A standard printing width of 330mm is available, with a 410mm version providing higher productivity and greater scope for flexible packaging production. The standard press speed is 48m/min, although 68m/min can be achieved for less demanding jobs. This equates to an output range of 950 sqm an hour up to 1,672 sqm an hour.

While it can be run as a standalone CMYK+W press, various in-line finishing tools can be specified – semi-rotary die-cutting, slitting, dual rewind. Turnbar, delam/relam, lamination, cold foil and varnish options provide enhanced in-line finishing. Automatic changeover of die-cutting cylinders is possible as the press is built to maximize automation technologies. The addition of flexo color stations pre- and post-digital make hybrid printing another possibility.

The partners

Canon Océ has worked with FFEI to build the heart of the machine, while fellow UK manufacturer Edale has been involved in the development through its web handling expertise and integration of the line, ensuring the effective running of the press from the in-feed to finishing.

Unterberger says: ‘Both of these companies are established specialists in the label market. We wanted to be fast to market, and while we could no doubt have developed the system to a high level on our own, we decided to partner with key companies to expedite our entry into the market.

‘Using FFEI as a base upon which to build our technology has given us an edge, as we were able to work closely with its engineers to develop a differentiated final product. We have shared IP, related to print quality and speed, that only we can use.

‘The machine has only been in development for 18 months, and thanks to partnerships with companies such as FFEI and Edale we have been able to bring something to market very fast.’

The opportunity

The Océ LabelStream 4000 Series will be sold exclusively by Canon, with the first orders planned for the end of 2018.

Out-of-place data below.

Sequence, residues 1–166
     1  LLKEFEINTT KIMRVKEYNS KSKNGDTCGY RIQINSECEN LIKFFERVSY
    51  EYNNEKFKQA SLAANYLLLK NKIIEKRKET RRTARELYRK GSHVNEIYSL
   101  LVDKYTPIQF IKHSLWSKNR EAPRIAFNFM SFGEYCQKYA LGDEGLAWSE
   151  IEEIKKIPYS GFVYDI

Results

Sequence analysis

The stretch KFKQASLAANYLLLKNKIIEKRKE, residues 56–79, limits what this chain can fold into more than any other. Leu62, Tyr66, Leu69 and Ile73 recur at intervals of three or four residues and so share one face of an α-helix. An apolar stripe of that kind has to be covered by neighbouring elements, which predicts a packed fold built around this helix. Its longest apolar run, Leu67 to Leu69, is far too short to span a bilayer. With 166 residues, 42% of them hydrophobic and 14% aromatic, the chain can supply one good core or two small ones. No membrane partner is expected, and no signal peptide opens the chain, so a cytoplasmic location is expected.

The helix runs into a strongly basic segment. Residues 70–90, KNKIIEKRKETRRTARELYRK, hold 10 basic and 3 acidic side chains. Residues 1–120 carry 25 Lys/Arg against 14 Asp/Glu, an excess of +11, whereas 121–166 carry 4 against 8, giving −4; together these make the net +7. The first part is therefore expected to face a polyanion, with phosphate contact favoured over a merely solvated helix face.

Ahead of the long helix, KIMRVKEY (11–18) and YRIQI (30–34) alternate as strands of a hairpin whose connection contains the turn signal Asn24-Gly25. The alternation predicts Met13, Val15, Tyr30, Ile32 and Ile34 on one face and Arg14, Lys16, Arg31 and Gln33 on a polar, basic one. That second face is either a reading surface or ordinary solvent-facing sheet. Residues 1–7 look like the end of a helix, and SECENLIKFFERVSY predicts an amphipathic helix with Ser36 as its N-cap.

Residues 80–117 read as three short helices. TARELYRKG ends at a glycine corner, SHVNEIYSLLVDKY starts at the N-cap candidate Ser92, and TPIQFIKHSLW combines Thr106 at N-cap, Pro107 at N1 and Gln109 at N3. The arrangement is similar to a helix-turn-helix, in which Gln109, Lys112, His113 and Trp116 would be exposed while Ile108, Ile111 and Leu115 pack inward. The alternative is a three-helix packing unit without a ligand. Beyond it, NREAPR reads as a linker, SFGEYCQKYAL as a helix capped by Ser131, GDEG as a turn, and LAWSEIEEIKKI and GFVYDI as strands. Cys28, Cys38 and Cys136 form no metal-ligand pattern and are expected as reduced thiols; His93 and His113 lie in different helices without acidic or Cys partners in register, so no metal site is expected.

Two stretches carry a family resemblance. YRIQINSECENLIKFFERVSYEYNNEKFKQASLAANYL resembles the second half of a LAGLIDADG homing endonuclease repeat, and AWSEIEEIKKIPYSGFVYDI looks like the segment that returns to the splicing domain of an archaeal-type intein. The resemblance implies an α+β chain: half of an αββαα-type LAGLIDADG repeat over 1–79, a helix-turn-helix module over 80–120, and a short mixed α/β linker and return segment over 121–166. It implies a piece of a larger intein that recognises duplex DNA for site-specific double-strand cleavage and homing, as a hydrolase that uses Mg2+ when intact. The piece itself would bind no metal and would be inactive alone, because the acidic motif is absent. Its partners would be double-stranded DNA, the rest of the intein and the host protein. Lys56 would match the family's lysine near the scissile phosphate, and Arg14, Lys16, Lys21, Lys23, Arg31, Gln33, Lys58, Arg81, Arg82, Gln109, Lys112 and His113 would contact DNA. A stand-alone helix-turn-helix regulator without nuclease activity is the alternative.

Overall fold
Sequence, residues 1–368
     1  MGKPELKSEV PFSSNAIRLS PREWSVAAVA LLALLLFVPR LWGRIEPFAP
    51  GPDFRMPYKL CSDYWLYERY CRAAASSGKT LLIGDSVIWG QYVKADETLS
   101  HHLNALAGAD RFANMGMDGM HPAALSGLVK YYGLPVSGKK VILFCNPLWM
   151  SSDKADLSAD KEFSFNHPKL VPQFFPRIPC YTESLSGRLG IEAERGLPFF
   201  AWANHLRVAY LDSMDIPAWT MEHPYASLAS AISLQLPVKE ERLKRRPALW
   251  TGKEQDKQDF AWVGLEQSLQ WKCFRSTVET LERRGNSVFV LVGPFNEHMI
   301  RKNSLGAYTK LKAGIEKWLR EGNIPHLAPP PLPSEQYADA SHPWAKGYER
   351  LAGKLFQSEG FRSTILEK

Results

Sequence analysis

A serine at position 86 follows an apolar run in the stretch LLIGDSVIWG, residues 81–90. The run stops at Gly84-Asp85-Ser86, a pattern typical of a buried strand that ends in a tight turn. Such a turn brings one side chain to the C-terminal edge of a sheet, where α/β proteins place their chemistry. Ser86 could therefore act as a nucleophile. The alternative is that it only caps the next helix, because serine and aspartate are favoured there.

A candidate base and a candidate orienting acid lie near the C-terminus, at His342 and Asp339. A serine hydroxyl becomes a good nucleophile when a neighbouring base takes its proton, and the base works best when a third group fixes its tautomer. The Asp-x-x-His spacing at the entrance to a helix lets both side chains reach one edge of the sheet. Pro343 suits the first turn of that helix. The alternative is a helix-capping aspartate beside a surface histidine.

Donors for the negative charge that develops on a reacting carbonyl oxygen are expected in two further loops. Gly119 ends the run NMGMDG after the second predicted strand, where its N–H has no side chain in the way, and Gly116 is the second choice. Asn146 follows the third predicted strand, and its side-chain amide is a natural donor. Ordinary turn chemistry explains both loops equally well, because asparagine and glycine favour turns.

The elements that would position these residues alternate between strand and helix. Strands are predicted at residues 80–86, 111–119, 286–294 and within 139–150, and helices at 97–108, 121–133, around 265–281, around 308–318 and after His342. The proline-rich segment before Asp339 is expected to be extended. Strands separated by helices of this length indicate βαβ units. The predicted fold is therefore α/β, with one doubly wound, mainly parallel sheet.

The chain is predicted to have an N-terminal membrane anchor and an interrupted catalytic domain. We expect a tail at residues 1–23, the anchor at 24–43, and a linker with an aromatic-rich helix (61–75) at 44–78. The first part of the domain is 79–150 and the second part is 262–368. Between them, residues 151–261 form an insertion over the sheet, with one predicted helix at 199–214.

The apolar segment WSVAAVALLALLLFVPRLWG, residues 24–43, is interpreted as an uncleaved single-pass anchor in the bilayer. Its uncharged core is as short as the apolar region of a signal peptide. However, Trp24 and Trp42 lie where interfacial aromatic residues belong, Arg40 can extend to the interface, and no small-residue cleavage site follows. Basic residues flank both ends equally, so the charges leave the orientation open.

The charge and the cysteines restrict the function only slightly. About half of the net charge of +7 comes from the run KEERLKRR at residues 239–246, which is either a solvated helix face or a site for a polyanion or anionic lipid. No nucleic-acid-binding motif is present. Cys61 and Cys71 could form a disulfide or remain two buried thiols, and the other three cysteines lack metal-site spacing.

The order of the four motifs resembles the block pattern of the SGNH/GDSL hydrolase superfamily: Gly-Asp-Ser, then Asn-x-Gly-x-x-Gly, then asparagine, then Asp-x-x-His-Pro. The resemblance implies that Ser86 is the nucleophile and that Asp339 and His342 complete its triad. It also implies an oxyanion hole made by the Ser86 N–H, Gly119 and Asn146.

‘Looking at the value of digital in packaging going forward, demand is going to be high,’ says Unterberger. ‘The packaging market in general is larger than the document market we are in today, so it is a logical expansion for Canon.’

Canon is positioning itself at the upper end of the inkjet label printing market in terms of quality and productivity. The printheads used, resolution range and white opacity available are among those highlighted as evidence of its quality capabilities. In terms of productivity, flexibility in finishing, and the integration and automation of a modular toolbox position the Océ LabelStream 4000 Series to meet most requirements in the digital label printing market.

Canon also notes how its experience in transaction and commercial printing positions it to offer a service structure many existing suppliers in the packaging market are unable to match or better. This includes, in some instances, a two-hour window to respond to a customer and have their machine back in production.

Unterberger continues: ‘We have customer commitments all over the world involving a high degree of support and service. We will use the same logistics and service organization to support packaging customers, so, depending on the service level requested by the customer, we will be able to offer similar response times. Whether that be 10 hours or much shorter. This is another we way we can add real value.’

This all leads Driessen to conclude: ‘We believe this is the right time for Canon to enter the market, with all the technologies and organizational strengths we have to offer.’


David Pittman is deputy editor at Labels & Labeling.